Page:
Events + Thoughts = Emotions - Deepstash

Events + Thoughts = Emotions

Our emotions are always mediated by some form of thinking. 

If our thoughts determine how we feel, that means how we habitually think will determine how we habitually feel.

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MORE IDEAS FROM 10 Types of Negative Self-Talk (and How to Correct Them) | Nick Wignall

Change Your Negative Self-Talk
  • It can often be easier to identify examples of negative self-talk in other people first.
  • Change your (inner) tone of voice.
  • Validate your feelings instead of analyzing them.
  • Be intentional, not habitual, with your self-criticism. Schedule a time to reflect on a perceived mistake or flaw intentionally.

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Narrative Habits

The way we talk to ourselves about the events in our lives is subject to the same laws of learning and habit formation that physical behaviors are.

That means we can learn to talk to ourselves in specific ways just like we can learn to tie our shoes or say please and thank you.

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It happens when we take our own errors or flaws and exaggerate them.

We take small negative events and turn them into disasters in our minds.

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It involves assuming an exaggerated responsibility for things that are mostly or entirely outside our control.

And this leads to excessive attempts at control, which in turn leads to chronic stress and anxiety.

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It is the habit of telling ourselves that a negative event is bound to continue happening in the future.

When we overgeneralize, we make predictions about the future based on isolated pieces of evidence from the present.

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It is the tendency to evaluate things exclusively in terms of extreme categories.

It sets us up for chronic disappointment: When our expectations are consistently exaggerated, we never meet them and then always feel bad about ourselves.

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It happens when we assume we understand what other people are thinking without any real evidence.

It is a failure of imagination because we often only imagine and focus on the negative aspects.

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It is the habit of making decisions based on how we feel rather than what we value.

It's when we use our emotions and feelings as evidence for what we should or shouldn’t do. Depression and procrastination are common results of this.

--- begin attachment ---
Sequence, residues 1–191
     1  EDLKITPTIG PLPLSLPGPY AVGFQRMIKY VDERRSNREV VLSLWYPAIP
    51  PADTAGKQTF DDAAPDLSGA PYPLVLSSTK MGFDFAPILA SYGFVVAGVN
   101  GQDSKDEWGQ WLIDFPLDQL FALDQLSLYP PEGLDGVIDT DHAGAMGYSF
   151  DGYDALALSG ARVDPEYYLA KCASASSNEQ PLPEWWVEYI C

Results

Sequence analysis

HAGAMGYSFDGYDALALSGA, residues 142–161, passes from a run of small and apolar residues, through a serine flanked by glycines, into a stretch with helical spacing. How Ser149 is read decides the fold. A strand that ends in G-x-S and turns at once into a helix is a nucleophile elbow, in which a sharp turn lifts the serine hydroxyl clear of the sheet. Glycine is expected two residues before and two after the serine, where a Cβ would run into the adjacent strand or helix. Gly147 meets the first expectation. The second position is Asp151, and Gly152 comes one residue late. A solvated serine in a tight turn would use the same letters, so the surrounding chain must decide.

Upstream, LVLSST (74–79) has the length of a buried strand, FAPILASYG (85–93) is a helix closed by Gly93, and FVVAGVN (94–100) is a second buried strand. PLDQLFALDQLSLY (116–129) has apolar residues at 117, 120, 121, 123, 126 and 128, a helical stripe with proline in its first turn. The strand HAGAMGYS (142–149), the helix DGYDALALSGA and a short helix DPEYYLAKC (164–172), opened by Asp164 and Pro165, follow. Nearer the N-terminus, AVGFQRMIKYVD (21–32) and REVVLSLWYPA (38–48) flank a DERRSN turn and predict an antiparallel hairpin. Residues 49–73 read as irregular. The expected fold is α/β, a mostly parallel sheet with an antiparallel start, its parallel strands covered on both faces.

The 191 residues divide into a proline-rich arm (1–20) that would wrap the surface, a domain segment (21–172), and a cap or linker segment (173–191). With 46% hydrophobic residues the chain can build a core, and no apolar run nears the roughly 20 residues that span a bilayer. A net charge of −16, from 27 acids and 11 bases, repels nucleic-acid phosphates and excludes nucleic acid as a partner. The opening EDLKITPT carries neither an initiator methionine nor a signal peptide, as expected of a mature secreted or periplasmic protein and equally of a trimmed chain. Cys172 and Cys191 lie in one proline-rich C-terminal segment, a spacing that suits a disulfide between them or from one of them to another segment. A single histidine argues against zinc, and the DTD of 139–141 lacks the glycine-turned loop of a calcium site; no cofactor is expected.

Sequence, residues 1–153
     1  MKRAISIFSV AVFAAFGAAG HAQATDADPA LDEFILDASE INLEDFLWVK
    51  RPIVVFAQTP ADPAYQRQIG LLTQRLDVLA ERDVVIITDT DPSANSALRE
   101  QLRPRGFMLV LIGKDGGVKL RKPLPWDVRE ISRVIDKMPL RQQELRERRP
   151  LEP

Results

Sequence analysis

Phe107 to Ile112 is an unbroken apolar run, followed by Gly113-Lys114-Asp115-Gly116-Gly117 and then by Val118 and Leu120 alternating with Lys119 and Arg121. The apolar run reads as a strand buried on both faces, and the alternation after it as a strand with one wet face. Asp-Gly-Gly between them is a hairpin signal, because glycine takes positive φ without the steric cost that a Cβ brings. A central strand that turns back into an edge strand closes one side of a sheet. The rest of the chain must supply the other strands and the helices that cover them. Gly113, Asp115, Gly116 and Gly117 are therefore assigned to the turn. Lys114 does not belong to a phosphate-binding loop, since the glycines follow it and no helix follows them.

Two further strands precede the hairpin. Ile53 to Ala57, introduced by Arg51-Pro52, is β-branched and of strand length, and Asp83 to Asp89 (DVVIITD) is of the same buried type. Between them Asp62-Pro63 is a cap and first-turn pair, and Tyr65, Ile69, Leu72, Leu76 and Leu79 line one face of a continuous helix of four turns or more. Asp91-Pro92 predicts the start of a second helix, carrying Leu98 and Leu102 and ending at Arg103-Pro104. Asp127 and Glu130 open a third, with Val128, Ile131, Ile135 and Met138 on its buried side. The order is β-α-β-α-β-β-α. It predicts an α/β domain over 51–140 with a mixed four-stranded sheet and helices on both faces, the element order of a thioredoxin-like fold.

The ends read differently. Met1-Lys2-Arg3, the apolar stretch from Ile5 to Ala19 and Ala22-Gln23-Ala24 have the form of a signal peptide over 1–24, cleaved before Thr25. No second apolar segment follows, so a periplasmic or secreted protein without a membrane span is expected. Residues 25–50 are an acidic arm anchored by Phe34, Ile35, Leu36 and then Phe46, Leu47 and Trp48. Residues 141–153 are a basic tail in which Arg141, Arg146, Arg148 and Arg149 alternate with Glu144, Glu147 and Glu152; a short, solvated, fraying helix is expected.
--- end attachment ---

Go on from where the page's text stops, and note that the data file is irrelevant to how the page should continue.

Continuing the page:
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It is the habit of describing ourselves or others in one extreme way, usually negatively. 

It is always an inaccurate oversimplification.

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it involves being dismissive of our strengths and positive qualities.

It keeps us in a cycle of feeling inferior because we never focus or enjoy our true positive qualities and accomplishments.

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RELATED IDEA

False positivity

Don't fool yourself into thinking you’ve already achieved a goal, even though you haven’t, then you won’t try to achieve it, even though you should.

Consider this example. You’re overweight, you know it, and you don’t want to be. The false positive mode of self-talk would say, I’m in perfectly good shape. I don’t need to change anything. But something tugs at your mind from inside. It’s the nagging, persistent knowledge that you’re fooling yourself.

The true positive mode of self-talk : I want to lose ten pounds, and I know what I need to do to achieve it.

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By framing therapy in terms of what we need rather than what we could benefit from, many people experience too much shame or embarrassment to try it.

Not everybody needs therapy. But just because you don’t need something doesn’t mean you couldn’t benefit from it.

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Consider Finding a Therapist

It’s important to know that if your negative thoughts are persistent — impacting your quality of life and functioning — it could be a sign of something more serious. Consult a therapist or psychologist to get the best possible support.

When it comes to mental health conditions, having a sounding board from an unbiased outsider’s perspective can sometimes totally shift the way you think.

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